Inoculation access period
A group of 10 viruliferous adult whiteflies were allowed for inoculation of yellow mosaic virus. The inoculation period ranged from 30 min to 24h. Viruliferous whiteflies required a minimum IAP of 30 min to achieve 20 per cent transmission efficiency. An IAP of 1h and 6h resulted in an increased transmission efficiency of 40 and 60 per cent, respectively. An IAP of 12h or more resulted in 100 per cent transmission. The days taken for symptoms expression varied from 8 to 23 days when 10 viruliferous whiteflies per plant were used depending upon the IAP. The results also indicated that percentage transmission increased with the increase of IAP (Table 3). Similar virus transmission characters reported for begomoviruses like CoLCuV (Ripper and George, 1965), BYVMV (Varna, 1952), TYLCV (Cohen and Nitzany, 1966).
The hundred per cent transmission of yellow mosaic virus in was obtained with an optimum AAP, IAP and number of whiteflies in 12 h, 12 h and 10 whiteflies respectively (Table 1, 2, & 3).
Incubation period of yellow mosaic begomovirus in vector
The whiteflies were allowed for a minimum AAP of 24h on YMV infected plant to determine the incubation period. Groups of 10 viruliferous whiteflies were released on 10 healthy ridge gourd plants after 30min, 1h, 6h, 12h and 24h of incubation period. After each incubation period, whiteflies were given 20h IAP. The results revealed that a minimum of 30 min incubation period, which resulted in 10 per cent transmission. An incubation period of 12h and 24h resulted in 100 per cent transmission. The results also indicated that the transmission efficiency increased with increase in incubation period (Table 4). Incubation period of 6 h was sufficient for successful transmission of beet pseudo yellows by greenhouse whitefly. T. vaporarium (Duffus, 1965) and similar reports were also found by Muniyappa and Reddy (1976) with HYMV and ToLCV (Reddy and Yaraguntaiah, 1981) and a latent period of 19 h was observed for SLCV in B. tabaci (Cohen et al., 1983). Three h minimum incubation period was required to transmit CoLCuV (Ripper and George, 1965).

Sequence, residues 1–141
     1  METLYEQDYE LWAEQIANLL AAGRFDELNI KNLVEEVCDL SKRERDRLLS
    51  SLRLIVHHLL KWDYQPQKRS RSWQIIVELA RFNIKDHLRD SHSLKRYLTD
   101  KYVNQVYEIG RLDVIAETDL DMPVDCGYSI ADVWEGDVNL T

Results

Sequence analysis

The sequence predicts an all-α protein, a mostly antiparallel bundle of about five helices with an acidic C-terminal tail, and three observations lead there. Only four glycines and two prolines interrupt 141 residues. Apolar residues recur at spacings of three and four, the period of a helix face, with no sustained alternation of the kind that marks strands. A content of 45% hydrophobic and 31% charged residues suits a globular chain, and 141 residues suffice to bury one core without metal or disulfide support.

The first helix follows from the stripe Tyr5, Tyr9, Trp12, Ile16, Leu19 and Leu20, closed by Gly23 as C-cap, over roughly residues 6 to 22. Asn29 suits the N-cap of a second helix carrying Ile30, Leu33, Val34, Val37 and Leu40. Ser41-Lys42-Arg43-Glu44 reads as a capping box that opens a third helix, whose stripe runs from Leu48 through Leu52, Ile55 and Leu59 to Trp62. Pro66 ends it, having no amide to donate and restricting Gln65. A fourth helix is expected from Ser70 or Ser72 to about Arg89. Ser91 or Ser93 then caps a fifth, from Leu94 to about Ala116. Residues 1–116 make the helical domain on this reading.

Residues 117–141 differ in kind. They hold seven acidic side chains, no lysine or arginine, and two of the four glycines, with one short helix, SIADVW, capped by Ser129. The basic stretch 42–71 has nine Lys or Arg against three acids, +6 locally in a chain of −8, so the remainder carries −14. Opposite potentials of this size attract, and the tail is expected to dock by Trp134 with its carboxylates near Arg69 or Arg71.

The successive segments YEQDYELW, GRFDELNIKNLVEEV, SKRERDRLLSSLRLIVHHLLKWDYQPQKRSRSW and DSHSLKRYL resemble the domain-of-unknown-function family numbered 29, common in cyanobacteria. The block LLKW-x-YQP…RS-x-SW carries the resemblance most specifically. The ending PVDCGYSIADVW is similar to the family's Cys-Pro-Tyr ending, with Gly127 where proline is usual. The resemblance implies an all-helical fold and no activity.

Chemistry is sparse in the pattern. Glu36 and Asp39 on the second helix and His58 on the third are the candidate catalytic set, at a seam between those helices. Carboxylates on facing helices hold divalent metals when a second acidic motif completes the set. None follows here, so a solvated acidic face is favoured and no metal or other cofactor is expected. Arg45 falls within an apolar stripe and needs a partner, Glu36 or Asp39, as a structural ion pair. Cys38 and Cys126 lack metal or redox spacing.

Persistence of yellow mosaic begomovirus in vector
Experiments were conducted in two sets with groups of five and ten viruliferous whiteflies. Groups of five viruliferous whiteflies were serially transmitted to healthy ridge gourd plants at 24h interval (Table 5). The whiteflies retained and transmitted YMV successfully to all ridge gourd test plants on the first day after virus acquisition. The transmission was sporadic, thereafter, for one week and YMV persisted in whitefly for at least 7 days, after which all of the whiteflies had died. A similar sporadic transmission pattern was obtained with groups of 10 whiteflies per plant.
The whiteflies retained and transmitted YMV successfully to all ridge gourd test plants on the first day after virus acquisition. The transmission was sporadic, thereafter, for one week and YMV persisted in whitefly for at least 6 days, after which all of the whiteflies had died. A similar sporadic transmission pattern was obtained with groups of 10 whiteflies per plant. These results are in agreement with the report of Babitha (1996) and Muniyappa et al., (2003) who stated that the maximum retension period of PYVMV was eight days in indigenous whitefly using 10 and 15 viruliferous insects. Similar persistence period was found with ICMV (Mathew and Muniyappa, 1991) compared to ToLCV that was retained in B. tabaci throughout its life period (Reddy and Yaraguntaiah, 1981).